Research Poster

Research poster 2023

Maruša Sirk
Assistant at Center for Cognitive Science, University of Ljubljana. 

The research wanted to tackle the question of mystical-type psychedelic experiences and their possible impact on everyday life experiences. Previous research showed that mystical-type psychedelic experiences are able to induce significant changes in behaviour and well-being, but rarely any study focused on the phenomenological aspect of such changes. The research aimed to address the gap in the literature by using a combination of descriptive experience sampling and micro-phenomenology interviews, while focusing on the changes in everyday experience and not the psychedelic experience itself. This research was conducted as part of a master's thesis under the mentorship of prof. dr. Urban Kordeš. 

Clayton Coleman
MSc at King's College London

Lysergic acid diethylamide (LSD) is a classical psychedelic that triggers alterations in emotional and psychological functioning, facilitated by changes in neurochemical signaling, which can be visualized using functional Magnetic Resonance Imaging (fMRI). This research employed a seed-based approach, selecting a region within the Dorsolateral Prefrontal Cortex (DLPFC) and investigating changes in functional connectivity to this region under the effects of LSD. Analyses of these connectivity changes, in conjunction with collected covariates, revealed correlations between ego dissolution and the combined functional connectivity of the left and right DLPFC, Thalamus, and Fusiform Gyrus. A separate analysis, focusing on emotional arousal and the right DLPFC, showed statistically significant connectivity changes with the Intraparietal Sulcus. This innovative seed-based methodology offers fresh perspectives on psychedelic research, elucidating the critical role of the DLPFC in psychedelic experiences and expanding our knowledge of how psychedelics modulate brain function. These insights contribute to our understanding of the potential therapeutic applications of psychedelics for psychological disorders.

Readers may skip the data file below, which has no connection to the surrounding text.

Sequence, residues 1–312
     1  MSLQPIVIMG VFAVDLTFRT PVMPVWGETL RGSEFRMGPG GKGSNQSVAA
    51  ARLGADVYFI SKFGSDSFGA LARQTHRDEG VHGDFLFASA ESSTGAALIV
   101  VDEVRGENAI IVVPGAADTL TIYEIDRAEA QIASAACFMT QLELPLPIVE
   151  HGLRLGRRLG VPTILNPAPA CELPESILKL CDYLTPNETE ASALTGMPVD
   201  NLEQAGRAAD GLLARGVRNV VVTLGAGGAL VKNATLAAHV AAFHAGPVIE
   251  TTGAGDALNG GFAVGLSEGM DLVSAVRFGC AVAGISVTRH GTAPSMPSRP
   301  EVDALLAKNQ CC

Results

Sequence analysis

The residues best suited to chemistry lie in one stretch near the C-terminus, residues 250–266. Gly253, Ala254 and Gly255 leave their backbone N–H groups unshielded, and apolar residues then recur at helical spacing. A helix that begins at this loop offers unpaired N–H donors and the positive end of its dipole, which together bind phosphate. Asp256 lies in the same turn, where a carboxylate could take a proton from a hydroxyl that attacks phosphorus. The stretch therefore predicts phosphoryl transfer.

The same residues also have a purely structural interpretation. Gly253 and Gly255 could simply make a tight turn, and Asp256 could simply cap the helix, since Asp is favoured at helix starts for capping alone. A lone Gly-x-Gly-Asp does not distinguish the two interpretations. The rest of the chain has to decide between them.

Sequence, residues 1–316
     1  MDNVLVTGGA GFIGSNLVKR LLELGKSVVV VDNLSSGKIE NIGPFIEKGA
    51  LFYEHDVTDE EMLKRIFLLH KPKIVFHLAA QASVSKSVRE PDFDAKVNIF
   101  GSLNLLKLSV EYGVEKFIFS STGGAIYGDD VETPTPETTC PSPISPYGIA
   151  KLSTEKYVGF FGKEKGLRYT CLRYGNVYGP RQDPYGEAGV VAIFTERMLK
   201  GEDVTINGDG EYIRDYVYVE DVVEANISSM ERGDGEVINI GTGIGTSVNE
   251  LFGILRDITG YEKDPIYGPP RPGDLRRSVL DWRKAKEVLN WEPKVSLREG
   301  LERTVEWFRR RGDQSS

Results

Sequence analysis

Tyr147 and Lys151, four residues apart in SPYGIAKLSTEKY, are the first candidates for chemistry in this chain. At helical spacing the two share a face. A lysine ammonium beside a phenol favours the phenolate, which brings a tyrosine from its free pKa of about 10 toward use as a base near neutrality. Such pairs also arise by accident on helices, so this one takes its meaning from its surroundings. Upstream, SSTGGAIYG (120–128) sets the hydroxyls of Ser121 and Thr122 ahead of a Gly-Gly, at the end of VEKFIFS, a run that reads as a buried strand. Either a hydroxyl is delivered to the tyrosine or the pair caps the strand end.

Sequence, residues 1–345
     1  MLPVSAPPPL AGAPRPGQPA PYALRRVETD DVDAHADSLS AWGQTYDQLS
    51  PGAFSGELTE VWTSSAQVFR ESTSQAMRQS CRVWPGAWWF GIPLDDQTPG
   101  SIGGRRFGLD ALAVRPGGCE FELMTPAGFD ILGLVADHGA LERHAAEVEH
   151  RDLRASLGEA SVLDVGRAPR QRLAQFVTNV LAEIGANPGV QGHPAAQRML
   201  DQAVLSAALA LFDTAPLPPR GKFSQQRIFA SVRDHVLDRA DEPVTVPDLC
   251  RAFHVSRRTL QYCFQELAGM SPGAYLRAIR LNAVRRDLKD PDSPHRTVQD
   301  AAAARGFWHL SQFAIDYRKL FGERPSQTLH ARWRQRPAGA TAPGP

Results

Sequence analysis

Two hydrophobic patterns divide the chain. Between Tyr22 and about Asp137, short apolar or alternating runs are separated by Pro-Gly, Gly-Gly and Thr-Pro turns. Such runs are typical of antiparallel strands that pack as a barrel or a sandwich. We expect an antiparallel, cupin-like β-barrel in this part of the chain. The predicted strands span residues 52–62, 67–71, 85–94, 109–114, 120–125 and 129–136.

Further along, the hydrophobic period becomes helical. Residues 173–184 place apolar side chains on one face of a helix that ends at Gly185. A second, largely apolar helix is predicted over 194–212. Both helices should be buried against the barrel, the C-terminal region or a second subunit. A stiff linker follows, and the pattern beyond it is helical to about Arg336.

Johanna Blanc
Psychologist, MSc, University of Lausanne